Markov's inequality

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Markov's inequality gives an upper bound for the measure of the set (indicated in red) where f(x) exceeds a given level \varepsilon. The bound combines the level \varepsilon with the average value of f.

In probability theory, Markov's inequality gives an upper bound for the probability that a non-negative function of a random variable is greater than or equal to some positive constant. It is named after the Russian mathematician Andrey Markov, although it appeared earlier in the work of Pafnuty Chebyshev (Markov's teacher), and many sources, especially in analysis, refer to it as Chebyshev's inequality (sometimes, calling it the first Chebyshev inequality, while referring to the Chebyshev's inequality as the second Chebyshev's inequality) or Bienaymé's inequality.

Markov's inequality (and other similar inequalities) relate probabilities to expectations, and provide (frequently loose but still useful) bounds for the cumulative distribution function of a random variable.

An example of an application of Markov's inequality is the fact that (assuming incomes are non-negative) no more than 1/5 of the population can have more than 5 times the average income.


If X is a nonnegative random variable and a > 0, then

\mathbb{P}(X \geq a) \leq \frac{\mathbb{E}(X)}{a}[1]

In the language of measure theory, Markov's inequality states that if (X, Σ, μ) is a measure space, f is a measurable extended real-valued function, and ε > 0, then

 \mu(\{x\in X:|f(x)|\geq \varepsilon \}) \leq {1\over \varepsilon}\int_X |f|\,d\mu.

This measure theoretic definition is sometimes referred to as Chebyshev's inequality.[2]

Extended version for monotonically increasing functions[edit]

If φ is a monotonically increasing function from the nonnegative reals to the nonnegative reals, X is a random variable, a ≥ 0, and φ(a) > 0, then

\mathbb P (|X| \ge a) \le \frac{\mathbb E(\varphi(|X|))}{\varphi(a)}


We separate the case in which the measure space is a probability space from the more general case because the probability case is more accessible for the general reader.

Proof In the language of probability theory[edit]

For any event E, let I_E be the indicator random variable of E, that is, I_E=1 if E occurs and I_E=0 otherwise.

Using this notation, we have I_{(X\geq a)}=1 if the event X\geq a occurs, and I_{(X\geq a)}=0 if X<a. Then, given a>0,

aI_{(X \geq a)} \leq X\,

which is clear if we consider the two possible values of X\geq a. If X<a, then I_{(X\geq a)}=0, and so a I_{(X\geq a)}=0\leq X. Otherwise, we have X ≥ a, for which I(X ≥ a) = 1 and so aI(X ≥ a) = a ≤ X.

Since \mathbb{E} is a monotonically increasing function, taking expectation of both sides of an inequality cannot reverse it. Therefore

\mathbb{E}(aI_{(X \geq a)}) \leq \mathbb{E}(X).\,

Now, using linearity of expectations, the left side of this inequality is the same as

a\mathbb{E}(I_{(X \geq a)}) = a(1\cdot\mathbb{P}(X \geq a) + 0\cdot\mathbb{P}(X < a)) = a\mathbb{P}(X \geq a).\,

Thus we have

a\mathbb{P}(X \geq a) \leq \mathbb{E}(X)\,

and since a > 0, we can divide both sides by a.

In the language of measure theory[edit]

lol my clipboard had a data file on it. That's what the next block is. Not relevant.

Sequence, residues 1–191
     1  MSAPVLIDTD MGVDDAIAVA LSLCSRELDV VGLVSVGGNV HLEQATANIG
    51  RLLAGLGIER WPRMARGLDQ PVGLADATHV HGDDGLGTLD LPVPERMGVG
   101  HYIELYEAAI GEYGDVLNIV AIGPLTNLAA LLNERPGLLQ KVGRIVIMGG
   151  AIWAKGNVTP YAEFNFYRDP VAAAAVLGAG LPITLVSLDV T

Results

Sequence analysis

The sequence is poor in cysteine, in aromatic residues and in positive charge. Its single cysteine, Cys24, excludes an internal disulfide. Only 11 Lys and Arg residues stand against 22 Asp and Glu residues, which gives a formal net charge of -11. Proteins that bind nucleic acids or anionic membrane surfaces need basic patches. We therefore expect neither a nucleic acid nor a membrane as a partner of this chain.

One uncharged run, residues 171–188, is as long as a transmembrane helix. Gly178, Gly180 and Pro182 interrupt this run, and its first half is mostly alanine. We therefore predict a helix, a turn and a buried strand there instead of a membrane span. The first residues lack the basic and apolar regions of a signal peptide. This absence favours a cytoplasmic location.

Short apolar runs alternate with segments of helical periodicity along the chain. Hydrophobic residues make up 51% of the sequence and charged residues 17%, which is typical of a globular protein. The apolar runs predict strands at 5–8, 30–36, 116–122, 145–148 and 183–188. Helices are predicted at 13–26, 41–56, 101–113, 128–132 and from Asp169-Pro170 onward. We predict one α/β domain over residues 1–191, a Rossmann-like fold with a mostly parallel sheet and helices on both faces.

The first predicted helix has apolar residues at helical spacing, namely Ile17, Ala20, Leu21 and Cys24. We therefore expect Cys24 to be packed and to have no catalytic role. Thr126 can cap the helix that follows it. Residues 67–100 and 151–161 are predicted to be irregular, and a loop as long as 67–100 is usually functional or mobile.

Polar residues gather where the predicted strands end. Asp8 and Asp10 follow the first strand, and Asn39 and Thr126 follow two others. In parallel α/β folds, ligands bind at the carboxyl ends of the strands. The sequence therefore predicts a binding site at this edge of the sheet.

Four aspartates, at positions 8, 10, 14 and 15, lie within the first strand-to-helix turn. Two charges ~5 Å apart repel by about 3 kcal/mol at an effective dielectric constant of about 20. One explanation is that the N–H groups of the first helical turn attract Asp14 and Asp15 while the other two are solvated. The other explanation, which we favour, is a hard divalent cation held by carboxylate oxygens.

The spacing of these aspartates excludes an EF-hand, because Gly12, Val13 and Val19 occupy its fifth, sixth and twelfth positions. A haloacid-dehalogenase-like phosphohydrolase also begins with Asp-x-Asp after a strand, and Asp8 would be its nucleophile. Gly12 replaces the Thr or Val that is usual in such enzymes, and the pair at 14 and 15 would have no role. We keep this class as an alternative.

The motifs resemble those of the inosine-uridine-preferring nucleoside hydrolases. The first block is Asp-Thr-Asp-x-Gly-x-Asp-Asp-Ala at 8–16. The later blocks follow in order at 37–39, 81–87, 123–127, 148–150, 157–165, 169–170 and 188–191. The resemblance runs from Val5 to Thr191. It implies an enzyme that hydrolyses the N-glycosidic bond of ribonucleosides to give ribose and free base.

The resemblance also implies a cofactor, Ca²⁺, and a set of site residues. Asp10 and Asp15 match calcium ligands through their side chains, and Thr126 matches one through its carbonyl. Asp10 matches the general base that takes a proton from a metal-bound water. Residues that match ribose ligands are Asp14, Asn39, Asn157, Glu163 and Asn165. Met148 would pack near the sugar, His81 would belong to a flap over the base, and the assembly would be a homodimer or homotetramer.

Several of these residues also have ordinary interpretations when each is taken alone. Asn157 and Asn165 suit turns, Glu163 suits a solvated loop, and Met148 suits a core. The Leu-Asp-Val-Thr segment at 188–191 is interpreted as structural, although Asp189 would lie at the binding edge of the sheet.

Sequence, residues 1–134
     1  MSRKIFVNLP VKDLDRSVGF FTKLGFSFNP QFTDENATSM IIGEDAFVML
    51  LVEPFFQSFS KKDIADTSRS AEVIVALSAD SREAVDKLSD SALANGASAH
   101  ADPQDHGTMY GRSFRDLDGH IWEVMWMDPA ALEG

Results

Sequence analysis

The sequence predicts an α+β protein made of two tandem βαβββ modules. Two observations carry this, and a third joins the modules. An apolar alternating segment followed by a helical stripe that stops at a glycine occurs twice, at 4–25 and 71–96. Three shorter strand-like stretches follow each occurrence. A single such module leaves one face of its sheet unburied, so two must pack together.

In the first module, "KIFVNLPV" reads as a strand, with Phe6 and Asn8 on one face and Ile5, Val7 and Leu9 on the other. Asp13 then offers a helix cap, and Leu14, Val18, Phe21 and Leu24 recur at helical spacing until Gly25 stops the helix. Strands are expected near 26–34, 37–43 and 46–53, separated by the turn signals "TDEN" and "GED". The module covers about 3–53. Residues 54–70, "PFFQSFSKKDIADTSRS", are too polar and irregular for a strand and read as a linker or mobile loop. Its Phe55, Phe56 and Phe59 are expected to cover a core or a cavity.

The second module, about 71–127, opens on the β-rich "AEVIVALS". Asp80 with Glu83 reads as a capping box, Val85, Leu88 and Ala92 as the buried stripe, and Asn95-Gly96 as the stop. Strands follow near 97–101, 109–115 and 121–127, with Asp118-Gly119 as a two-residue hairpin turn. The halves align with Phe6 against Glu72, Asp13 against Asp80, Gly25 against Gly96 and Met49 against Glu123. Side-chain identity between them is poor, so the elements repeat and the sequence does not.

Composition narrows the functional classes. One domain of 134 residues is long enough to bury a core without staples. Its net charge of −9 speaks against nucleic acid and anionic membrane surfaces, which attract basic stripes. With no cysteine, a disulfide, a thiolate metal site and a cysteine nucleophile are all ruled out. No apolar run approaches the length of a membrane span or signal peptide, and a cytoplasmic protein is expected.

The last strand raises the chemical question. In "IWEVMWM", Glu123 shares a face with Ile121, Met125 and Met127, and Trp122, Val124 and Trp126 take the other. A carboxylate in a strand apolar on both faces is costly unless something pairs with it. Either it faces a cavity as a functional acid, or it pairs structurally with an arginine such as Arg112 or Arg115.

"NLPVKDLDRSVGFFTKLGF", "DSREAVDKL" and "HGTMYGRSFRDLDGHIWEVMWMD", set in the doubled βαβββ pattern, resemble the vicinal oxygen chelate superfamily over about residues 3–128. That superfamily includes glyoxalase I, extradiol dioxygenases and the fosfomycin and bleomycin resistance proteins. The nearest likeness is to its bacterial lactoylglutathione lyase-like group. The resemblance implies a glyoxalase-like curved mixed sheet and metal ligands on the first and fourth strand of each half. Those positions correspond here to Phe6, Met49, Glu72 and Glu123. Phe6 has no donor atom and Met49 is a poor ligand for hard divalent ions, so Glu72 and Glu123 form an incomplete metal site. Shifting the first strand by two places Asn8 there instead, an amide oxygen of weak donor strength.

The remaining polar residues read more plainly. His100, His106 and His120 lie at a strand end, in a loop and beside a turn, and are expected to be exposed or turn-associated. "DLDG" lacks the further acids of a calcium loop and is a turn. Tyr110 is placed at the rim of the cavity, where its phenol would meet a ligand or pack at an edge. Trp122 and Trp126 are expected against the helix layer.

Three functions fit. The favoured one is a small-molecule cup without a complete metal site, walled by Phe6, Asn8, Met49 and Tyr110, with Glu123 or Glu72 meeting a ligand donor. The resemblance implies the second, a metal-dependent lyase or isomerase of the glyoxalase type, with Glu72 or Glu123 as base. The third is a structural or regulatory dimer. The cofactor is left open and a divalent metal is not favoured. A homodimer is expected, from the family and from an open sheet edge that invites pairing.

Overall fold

We may assume that the function f is non-negative, since only its absolute value enters in the equation. Now, consider the real-valued function s on X given by

s(x) =
  \varepsilon, & \text{if } f(x) \geq \varepsilon  \\
  0, & \text{if } f(x) < \varepsilon

Then 0\leq s(x)\leq f(x). By the definition of the Lebesgue integral

\int_X f(x) \, d\mu \geq \int_X s(x) \, d \mu = \varepsilon \mu( \{ x\in X : \, f(x) \geq \varepsilon \} )

and since \varepsilon >0 , both sides can be divided by \varepsilon, obtaining

\mu(\{x\in X : \, f(x) \geq \varepsilon \}) \leq {1\over \varepsilon }\int_X f \,d\mu.



Chebyshev's inequality[edit]

Chebyshev's inequality uses the variance to bound the probability that a random variable deviates far from the mean. Specifically:

\mathbb{P}(|X-\mathbb{E}(X)| \geq a) \leq \frac{\mathrm{Var}(X)}{a^2},

for any a>0. Here Var(X) is the variance of X, defined as:

 \operatorname{Var}(X) = \mathbb{E}[(X - \mathbb{E}(X) )^2].

Chebyshev's inequality follows from Markov's inequality by considering the random variable

 (X - \mathbb{E}(X))^2

and the constant


for which Markov's inequality reads

 \mathbb{P}( (X - \mathbb{E}(X))^2 \ge a^2) \le \frac{\operatorname{Var}(X)}{a^2},

This argument can be summarized (where "MI" indicates use of Markov's inequality):

\mathbb{P}(|X-\mathbb{E}(X)| \geq a) = 
\mathbb{P}\left((X-\mathbb{E}(X))^2 \geq a^2\right)  \overset{\underset{\mathrm{MI}}{}}{\leq} 
\frac {\mathbb {E} \left( {(X-\mathbb{E}(X))}^2 \right)}{a^2} =

Other corollaries[edit]

  1. The "monotonic" result can be demonstrated by:
    \mathbb P (|X| \ge a) \le \mathbb P (\varphi(|X|) \ge \varphi(a)) \overset{\underset{\mathrm{MI}}{}}{\leq} = \frac{\mathbb E(\varphi(|X|))}{\varphi(a)}
  2. The result that, for a nonnegative random variable X, the quantile function of X satisfies:
    Q_X(1-p) \leq \frac {\mathbb E(X)}{p},
    the proof using
    p \leq \mathbb P(X \geq Q_X(1-p)) \overset{\underset{\mathrm{MI}}{}}{\leq} \frac {\mathbb E(X)}{Q_X(1-p)}.
  3. Let  M \succeq 0 be a self-adjoint matrix-valued random variable and a > 0. Then
\mathbb{P}(M \npreceq a \cdot I) \leq \frac{\mathrm{tr}\left( E(M) \right)}{n a}.
    can be shown in a similar manner.

See also[edit]


  1. ^ "Markov and Chebyshev Inequalities". Retrieved 4 February 2016. 
  2. ^ E.M. Stein, R. Shakarchi, "Real Analysis, Measure Theory, Integration, & Hilbert Spaces", vol. 3, 1st ed., 2005, p.91

External links[edit]